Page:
So it was that MP Charlie Angus, the NDP’s self-appointed guardian of civility, has declared that Twitter has “turned us all into 14-year-olds in a cafeteria” where “[e]verybody gets to be a Grade 9 girl.”
Yesterday’s context, of course, was Patrick Brazeau’s calling reporter Jen Ditchburn a “bitch” because she wrote an article that mentioned Brazeau’s poor attendance record, and for sure, the senator’s remarks were immature, though I’d argue more in keeping with the mindset of a hormonal male bully than a grade-nine girl.
But here’s more context: as Dale Smith rightly points out, Angus “makes name-calling a staple in QP” – hardly one to lecture, and as Smith tweeted to me, “I honestly can’t think of a bigger hypocrite for the NDP commitment to ‘decorum.’” (I replied that Pat Martin comes a close second.)
I didn’t think it possible that any MP could be as bone-headed as Bruce Hyer, with his random seating plan as a panacea for House decorum, as opposed to, say, MPs not acting like asses, but Angus takes the cake. The problem with political discourse in this country is Twitter. Yes, of course! Just ban #cdnpoli as a hashtag, delete your political accounts, and all will be well.
Recently I went for afternoon tea at the Chateau Laurier with a group of tweeps. We made “pinkies up and out” jokes and nibbled on cucumber and watercress sandwiches. It was refined, but it was play-acting. It wasn’t the real world.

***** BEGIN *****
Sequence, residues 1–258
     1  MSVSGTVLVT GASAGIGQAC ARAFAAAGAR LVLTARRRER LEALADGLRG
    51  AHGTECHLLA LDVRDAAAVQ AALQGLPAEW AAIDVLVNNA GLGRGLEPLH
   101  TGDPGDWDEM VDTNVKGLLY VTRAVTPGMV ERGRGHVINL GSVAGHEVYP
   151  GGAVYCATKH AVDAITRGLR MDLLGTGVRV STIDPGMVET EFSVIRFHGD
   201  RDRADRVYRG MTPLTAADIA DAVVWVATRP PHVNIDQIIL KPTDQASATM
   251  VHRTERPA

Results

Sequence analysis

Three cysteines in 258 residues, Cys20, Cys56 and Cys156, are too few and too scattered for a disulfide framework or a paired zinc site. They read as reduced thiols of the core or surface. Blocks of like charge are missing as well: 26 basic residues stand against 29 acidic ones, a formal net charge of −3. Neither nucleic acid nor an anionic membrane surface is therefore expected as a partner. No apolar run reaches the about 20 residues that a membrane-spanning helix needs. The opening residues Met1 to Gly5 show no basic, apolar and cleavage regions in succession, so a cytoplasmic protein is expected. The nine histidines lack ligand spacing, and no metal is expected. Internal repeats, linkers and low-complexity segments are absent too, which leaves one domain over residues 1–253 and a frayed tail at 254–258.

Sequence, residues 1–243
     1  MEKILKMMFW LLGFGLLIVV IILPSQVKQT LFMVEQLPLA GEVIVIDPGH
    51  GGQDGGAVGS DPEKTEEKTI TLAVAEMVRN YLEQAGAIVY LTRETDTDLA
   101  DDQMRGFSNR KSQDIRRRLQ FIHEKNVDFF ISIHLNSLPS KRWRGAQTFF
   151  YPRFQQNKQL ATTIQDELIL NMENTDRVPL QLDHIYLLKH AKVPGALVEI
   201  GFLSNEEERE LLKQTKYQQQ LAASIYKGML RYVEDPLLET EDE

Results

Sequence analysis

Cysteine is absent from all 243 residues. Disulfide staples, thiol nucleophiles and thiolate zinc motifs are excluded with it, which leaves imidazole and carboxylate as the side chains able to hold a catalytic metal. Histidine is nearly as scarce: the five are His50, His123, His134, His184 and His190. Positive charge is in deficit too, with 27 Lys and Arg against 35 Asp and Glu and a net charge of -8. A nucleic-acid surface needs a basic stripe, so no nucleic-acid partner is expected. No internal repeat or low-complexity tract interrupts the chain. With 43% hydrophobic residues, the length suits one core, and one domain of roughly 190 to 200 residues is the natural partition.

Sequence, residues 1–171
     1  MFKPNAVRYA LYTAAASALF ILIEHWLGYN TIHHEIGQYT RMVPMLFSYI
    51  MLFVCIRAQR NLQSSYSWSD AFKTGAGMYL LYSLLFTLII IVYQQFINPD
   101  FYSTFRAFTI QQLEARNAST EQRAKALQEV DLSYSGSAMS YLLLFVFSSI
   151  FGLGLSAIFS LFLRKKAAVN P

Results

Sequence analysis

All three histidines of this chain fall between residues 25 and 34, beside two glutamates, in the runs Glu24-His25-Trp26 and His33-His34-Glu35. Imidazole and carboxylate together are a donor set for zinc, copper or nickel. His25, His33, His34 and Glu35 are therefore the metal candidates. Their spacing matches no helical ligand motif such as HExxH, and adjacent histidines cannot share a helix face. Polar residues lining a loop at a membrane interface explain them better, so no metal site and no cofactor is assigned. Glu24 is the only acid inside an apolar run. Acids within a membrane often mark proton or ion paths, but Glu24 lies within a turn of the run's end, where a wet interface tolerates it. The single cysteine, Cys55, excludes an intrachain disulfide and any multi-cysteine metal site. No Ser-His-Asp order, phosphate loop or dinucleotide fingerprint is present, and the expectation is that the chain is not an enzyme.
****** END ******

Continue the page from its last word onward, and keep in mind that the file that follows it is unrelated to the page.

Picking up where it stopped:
The essential truth here is not that a social medium turns us into babies, or even that politics can be immature, but that life isn’t a tea party, Charlie.
Might I suggest that, in fact, most people have their moments? Angus acknowledges this and all but says that he has quit Twitter so he isn’t tempted to pull a Patrick Brazeau. Given his propensity for name-calling and negativity in the House, perhaps this is for the best, but Twitter didn’t turn Brazeau nasty, force Angus to heckle in the House, or cause Pat Martin to drop the f-bomb repeatedly, and it’s not why the trolls kept sending poor Charlie nasty messages.
Politics has been ugly forever. People have opinions, and political opinions are often deeply felt and communicated from the gut, without much reflection, in terms easiest for everyone to understand: love, hate, good, bad, and so forth. Anyone who’s ever held a sign or chanted a rhyming slogan at a protest march – and I’m hazarding a guess that this includes a leftist like Angus – has given in to the political propensity to oversimplify, vilify, reduce complex issues to a few, loud words.
In a perfect world, we’d have that idealized, completely untrue vision of Athenian democracy, in which calm, cool, collected individuals sit around philosophically debating political notions and reaching agreement through logic and compromise. This is not our world, and it never was.
So what is a politician to do, when the trolls say nasty things like “I hate you, Charlie Angus, and you sing terribly”? The answer will blow you away:
If Charlie Angus doesn’t get hateful letters in the post, doesn’t have to hear constituents yelling down the phone line, that’s because he has staff to shield him from it. No assistant in his or her right mind would collect all the nasty letters delivered to the office and present them to the boss. “Here you go, Charlie, this week’s correspondence from right-wing nutters!”
The problem – though I don’t think it is a problem – is that Twitter has few filters. Note that I didn’t write “any filters,” because there’s a way around the conundrum for the sensitive and faint of heart: